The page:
CAMP Office Named for Civil Rights Icon Dolores Huerta
By Brian Hiro
The summer before the start of their freshman year at Cal State San Marcos, while many of their peers are going on vacations or relaxing at the beach, a group of students takes an immersive six-week course that prepares them for the rigors of college.
These recent high school graduates are part of the College Assistance Migrant Program, or CAMP, which aims to help students from migrant and seasonal farmworker backgrounds succeed in a university setting. During this crucial transition period, CAMP staff uses as its motivational mantra “Si se puede,” which translates to “Yes, we can.”
For those students who are even familiar with the phrase, they might assume that it represents the words of César Chávez, seeing as they are emblazoned on the step below the statue of the civil rights icon on CSUSM’s campus. In fact, “Si se puede” was coined by Dolores Huerta, who founded the United Farm Workers union with Chávez in the 1960s and ever since has been a tireless advocate for the rights and dignity of farmworkers.
Now, CSUSM is honoring Huerta in a way that’s commensurate with her legacy. The CAMP office in the Extended Learning building has been named for Huerta, giving the next generation of CAMP students an ever-present reminder of her lasting impact on the program and its mission.
“To be named after Dolores Huerta, who’s a civil rights icon and activist, and who represents the reasons why CAMP exists nationally as well as on our campus, is a great inspiration to our students and our staff,” said Minerva Gonzalez, the CAMP principal investigator who directed the program at CSUSM for 16 years before handing over the reins to Maria Venegas Escobedo in 2018.
The naming of the CAMP office is part of a larger effort across the California State University system. Last April, on the occasion of Huerta’s 90th birthday, the CSU Board of Trustees passed a resolution by which each of the 23 campuses would pay tribute to her in the manner that they saw fit.
Some campuses planted trees. Some installed benches. Some painted murals.
But at CSUSM, the CAMP office was the obvious fit. The recognition will take the physical form of a brushed aluminum plaque calling Huerta a “human rights activist,” featuring a photo of her on one of her many visits to the campus over the years, and proclaiming that “because of Ms. Huerta’s advocacy, numerous California laws have aimed to improve the working conditions of farmworkers, affording rights and protections to immigrants.”
CSUSM also contributed to a memory book that CSU gave to Huerta in connection with the system-wide tribute.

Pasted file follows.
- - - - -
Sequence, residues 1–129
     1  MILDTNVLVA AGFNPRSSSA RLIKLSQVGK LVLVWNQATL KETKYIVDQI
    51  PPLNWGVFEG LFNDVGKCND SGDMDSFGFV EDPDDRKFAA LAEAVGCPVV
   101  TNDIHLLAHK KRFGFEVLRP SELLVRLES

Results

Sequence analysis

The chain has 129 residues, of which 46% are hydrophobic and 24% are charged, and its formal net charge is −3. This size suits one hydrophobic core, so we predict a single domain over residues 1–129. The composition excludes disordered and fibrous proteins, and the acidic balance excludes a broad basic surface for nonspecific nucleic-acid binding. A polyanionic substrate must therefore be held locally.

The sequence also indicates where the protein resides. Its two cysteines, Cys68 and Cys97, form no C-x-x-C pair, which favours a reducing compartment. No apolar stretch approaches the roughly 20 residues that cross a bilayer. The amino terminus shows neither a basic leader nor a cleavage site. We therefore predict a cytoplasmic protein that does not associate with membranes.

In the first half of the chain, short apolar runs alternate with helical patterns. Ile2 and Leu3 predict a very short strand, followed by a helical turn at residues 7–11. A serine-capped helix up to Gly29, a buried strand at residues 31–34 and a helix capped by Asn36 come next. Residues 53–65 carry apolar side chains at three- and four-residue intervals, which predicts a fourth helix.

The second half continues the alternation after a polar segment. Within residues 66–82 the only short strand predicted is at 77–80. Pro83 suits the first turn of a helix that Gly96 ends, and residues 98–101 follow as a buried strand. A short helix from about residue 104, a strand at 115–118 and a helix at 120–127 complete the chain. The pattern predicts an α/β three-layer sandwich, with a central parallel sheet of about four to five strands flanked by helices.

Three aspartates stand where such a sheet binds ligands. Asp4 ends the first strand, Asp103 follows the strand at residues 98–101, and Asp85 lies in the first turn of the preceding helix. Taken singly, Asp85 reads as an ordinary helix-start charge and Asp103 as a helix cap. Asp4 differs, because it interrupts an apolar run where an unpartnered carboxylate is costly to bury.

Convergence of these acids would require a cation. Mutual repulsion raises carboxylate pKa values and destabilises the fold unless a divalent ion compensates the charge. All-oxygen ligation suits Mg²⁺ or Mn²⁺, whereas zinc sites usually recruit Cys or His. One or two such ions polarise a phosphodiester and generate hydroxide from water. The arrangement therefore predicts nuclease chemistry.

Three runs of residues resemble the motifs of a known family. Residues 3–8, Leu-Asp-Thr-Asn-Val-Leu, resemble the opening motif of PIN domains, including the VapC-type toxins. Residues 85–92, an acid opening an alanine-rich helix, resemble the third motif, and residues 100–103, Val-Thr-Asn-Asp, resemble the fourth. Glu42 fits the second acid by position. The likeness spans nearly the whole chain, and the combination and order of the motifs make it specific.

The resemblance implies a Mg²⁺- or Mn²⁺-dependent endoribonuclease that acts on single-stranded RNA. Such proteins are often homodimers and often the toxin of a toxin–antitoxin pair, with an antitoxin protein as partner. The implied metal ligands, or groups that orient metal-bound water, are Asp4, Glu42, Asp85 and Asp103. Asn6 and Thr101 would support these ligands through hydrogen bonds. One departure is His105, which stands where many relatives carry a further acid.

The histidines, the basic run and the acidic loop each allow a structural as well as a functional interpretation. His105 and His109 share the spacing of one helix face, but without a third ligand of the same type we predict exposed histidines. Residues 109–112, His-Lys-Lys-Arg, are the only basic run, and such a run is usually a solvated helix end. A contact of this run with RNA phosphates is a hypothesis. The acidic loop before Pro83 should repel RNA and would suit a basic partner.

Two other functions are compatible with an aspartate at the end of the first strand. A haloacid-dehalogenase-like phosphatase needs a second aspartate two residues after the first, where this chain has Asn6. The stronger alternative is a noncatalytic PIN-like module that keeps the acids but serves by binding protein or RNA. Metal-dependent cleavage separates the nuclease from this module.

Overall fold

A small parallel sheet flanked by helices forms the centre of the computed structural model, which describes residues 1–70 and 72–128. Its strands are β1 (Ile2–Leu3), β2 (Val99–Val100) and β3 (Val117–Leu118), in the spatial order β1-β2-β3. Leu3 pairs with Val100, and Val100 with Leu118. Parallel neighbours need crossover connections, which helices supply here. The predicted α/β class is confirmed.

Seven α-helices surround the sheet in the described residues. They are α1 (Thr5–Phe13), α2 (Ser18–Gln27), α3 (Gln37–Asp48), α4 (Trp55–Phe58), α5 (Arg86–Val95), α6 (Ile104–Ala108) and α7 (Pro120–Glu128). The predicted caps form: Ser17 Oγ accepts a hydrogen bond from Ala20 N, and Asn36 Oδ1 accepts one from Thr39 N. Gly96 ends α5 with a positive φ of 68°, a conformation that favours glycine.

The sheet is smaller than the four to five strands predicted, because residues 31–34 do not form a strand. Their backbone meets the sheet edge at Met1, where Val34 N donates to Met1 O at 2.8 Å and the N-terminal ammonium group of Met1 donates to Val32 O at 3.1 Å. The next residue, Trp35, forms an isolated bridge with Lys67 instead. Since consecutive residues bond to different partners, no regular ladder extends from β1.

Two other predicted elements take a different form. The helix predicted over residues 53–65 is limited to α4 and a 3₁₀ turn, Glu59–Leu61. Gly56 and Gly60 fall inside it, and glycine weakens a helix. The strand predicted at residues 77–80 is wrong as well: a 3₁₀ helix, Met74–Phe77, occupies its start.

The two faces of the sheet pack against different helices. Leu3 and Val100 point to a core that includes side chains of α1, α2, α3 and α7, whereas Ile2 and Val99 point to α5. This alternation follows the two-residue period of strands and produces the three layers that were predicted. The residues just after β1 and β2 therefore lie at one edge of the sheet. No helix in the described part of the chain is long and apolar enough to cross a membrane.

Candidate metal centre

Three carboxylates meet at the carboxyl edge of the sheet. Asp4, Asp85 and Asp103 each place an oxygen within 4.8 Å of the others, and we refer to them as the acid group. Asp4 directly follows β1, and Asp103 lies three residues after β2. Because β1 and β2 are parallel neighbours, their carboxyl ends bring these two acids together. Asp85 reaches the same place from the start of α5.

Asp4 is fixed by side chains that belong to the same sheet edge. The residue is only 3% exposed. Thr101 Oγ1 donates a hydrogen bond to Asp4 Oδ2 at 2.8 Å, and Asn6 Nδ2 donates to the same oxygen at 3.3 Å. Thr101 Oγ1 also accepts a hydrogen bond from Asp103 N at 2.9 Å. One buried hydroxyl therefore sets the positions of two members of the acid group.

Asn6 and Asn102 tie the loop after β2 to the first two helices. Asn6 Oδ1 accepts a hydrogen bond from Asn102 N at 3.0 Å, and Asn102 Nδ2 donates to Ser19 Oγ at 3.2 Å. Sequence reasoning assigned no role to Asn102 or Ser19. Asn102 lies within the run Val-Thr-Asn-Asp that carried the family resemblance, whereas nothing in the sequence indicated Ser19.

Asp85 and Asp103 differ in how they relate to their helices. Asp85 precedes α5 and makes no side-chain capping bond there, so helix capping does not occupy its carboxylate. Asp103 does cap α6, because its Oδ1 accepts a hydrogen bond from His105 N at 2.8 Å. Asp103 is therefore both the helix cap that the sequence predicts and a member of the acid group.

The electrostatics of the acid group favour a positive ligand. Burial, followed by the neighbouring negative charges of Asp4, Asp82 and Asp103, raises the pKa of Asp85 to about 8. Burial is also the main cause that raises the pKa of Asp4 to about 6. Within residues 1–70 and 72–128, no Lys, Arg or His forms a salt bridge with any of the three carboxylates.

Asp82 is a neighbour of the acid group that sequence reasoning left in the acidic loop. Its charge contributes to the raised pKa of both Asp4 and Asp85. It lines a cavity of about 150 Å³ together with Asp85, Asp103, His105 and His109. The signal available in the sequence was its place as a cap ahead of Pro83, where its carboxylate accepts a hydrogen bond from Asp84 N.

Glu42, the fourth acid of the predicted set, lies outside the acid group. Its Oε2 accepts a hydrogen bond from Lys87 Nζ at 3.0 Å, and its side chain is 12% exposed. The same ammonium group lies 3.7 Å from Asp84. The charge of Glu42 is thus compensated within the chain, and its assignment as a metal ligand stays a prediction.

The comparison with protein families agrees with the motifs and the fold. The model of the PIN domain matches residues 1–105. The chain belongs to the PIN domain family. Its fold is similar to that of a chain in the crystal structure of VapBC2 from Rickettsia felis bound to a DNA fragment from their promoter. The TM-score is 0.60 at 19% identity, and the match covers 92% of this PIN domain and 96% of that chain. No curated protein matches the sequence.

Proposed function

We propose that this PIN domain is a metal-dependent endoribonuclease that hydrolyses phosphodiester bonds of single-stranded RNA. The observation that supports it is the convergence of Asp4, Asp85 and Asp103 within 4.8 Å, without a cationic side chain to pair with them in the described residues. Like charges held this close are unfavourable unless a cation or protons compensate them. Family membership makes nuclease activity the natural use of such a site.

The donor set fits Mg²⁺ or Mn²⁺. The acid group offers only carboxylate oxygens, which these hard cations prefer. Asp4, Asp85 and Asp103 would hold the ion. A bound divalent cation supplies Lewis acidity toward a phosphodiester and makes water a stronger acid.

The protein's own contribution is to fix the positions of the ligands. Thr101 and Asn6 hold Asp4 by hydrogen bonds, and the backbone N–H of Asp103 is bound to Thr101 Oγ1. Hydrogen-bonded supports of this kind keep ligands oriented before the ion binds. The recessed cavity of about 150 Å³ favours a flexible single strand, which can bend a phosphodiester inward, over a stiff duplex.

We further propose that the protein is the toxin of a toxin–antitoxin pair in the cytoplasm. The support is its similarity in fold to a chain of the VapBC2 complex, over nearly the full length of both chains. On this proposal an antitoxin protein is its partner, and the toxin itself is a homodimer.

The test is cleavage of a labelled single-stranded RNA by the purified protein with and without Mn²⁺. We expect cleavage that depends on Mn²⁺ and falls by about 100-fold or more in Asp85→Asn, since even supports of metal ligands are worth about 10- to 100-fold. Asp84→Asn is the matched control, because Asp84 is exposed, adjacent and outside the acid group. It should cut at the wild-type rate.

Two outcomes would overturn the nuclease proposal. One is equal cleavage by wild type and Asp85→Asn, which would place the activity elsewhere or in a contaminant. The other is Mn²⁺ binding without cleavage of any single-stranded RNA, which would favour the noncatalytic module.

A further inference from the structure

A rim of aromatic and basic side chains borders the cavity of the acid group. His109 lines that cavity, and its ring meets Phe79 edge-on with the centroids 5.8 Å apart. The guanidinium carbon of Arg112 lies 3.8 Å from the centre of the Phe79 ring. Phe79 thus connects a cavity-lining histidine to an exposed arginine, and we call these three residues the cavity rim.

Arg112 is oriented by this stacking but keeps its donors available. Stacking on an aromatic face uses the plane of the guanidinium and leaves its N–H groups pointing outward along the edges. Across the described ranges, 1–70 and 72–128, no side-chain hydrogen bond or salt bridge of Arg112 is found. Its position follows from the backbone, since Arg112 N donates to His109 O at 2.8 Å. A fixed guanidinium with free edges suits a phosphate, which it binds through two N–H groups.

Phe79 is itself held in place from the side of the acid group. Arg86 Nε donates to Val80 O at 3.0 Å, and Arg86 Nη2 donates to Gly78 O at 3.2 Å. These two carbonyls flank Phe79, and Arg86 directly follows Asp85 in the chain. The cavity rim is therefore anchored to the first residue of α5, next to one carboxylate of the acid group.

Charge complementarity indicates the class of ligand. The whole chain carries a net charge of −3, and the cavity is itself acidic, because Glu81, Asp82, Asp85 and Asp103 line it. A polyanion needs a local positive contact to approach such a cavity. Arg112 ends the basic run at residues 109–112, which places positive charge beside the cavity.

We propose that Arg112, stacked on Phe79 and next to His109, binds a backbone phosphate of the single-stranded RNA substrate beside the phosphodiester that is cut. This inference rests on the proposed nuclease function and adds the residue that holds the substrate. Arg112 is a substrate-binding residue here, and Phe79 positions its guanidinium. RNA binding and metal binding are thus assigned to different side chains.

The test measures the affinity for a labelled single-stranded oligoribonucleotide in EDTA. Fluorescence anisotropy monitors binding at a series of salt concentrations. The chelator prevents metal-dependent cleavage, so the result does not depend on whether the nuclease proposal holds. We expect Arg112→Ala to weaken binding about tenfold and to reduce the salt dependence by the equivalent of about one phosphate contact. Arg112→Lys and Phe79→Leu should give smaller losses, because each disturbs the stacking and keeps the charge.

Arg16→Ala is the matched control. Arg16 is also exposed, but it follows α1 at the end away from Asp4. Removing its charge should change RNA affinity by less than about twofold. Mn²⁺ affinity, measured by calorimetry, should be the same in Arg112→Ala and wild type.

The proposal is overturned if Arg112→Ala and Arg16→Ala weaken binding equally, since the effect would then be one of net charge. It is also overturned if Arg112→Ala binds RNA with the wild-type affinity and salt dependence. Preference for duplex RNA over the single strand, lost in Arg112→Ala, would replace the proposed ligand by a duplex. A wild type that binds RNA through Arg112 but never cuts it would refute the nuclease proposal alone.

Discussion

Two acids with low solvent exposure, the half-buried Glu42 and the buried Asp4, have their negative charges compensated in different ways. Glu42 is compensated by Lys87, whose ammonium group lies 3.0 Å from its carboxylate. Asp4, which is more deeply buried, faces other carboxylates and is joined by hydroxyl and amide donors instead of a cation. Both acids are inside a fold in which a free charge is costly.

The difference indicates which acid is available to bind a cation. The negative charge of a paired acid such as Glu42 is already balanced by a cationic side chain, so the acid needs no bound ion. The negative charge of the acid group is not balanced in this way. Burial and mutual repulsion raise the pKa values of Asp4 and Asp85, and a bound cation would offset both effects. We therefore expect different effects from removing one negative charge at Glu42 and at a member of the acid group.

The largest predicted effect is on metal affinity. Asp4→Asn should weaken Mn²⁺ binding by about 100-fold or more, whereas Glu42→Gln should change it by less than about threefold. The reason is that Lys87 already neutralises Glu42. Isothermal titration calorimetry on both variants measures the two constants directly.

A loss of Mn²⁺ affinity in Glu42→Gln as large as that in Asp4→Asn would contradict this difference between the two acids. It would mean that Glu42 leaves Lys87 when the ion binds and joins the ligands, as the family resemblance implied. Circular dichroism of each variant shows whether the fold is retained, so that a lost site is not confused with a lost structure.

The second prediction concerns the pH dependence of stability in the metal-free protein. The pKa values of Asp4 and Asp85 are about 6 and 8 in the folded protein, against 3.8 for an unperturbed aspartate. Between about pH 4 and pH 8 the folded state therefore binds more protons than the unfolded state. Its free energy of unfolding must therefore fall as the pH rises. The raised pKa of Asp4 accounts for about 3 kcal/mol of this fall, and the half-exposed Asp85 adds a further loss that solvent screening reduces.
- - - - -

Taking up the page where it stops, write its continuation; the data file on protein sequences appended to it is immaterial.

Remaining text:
“Dolores Huerta is one of the most impactful icons in American civil rights history,” CSUSM President Ellen Neufeldt said. “Her decades-long work to secure the rights of farmworkers, women and other disadvantaged people is an inspiration to us at CSUSM in our quest to create a more just and equitable world.”
CAMP is a U.S. Department of Education program that has existed nationally since 1972 and arrived at CSUSM in 2002. Over the last 18 years, CAMP has served at least 1,000 students at CSUSM while boasting retention rates of 90% or better every year. The program also engages in extensive outreach efforts to identify potential candidates in high school and works with parents and other family members as well.
“We’re a small program, but we’re very intentional and high-impact,” Gonzalez said. “Our CAMP students have become dentists, scientists, lawyers, teachers, higher education professionals. Many of them serve on this campus. They’re in admissions, they’re in outreach, they’re in financial aid. Everything that we’ve done has been in line with what Dolores believes and what she’s advocated for most of her life.”
Gonzalez was hired in October 2002, one month after CAMP was funded at CSUSM. Setting up the program and keeping students engaged in the first five years was a challenge, as CAMP moved six times due to lack of space. The resilience and hard work of the CAMP staff and students over the years are a big reason why the program is successful today.
When she’s finally able to return to campus after the COVID-19 pandemic, Gonzalez will come back to a bright, roomy space in the Extended Learning building that, because of its new name, holds tremendous personal meaning for her. She first met Huerta in 1970 as a Cal State Northridge freshman majoring in Chicano studies. In the ensuing years, their paths have crossed multiple times – at conferences, on the CSUSM campus – and every interaction has left an indelible mark on Gonzalez.
Just like the indelible mark Huerta has left on CAMP.
“She’s one of my 'sheroes,' ” Gonzalez said. “As an undergraduate at Cal State Northridge in the 70s, I was encouraged by Dolores Huerta, who was emblematic of the civil rights struggles of the day. She inspired me and countless college students to be involved in the farmworker movement. The historical impact of her efforts helped to create CAMP and is ever present in its programming. CAMP students are taught about their cultural legacy and understand the importance of having a voice and creating a CAMP family to support one another.
“Dolores Huerta will always be front and center of what we do.”
Brian Hiro, Communications Specialist
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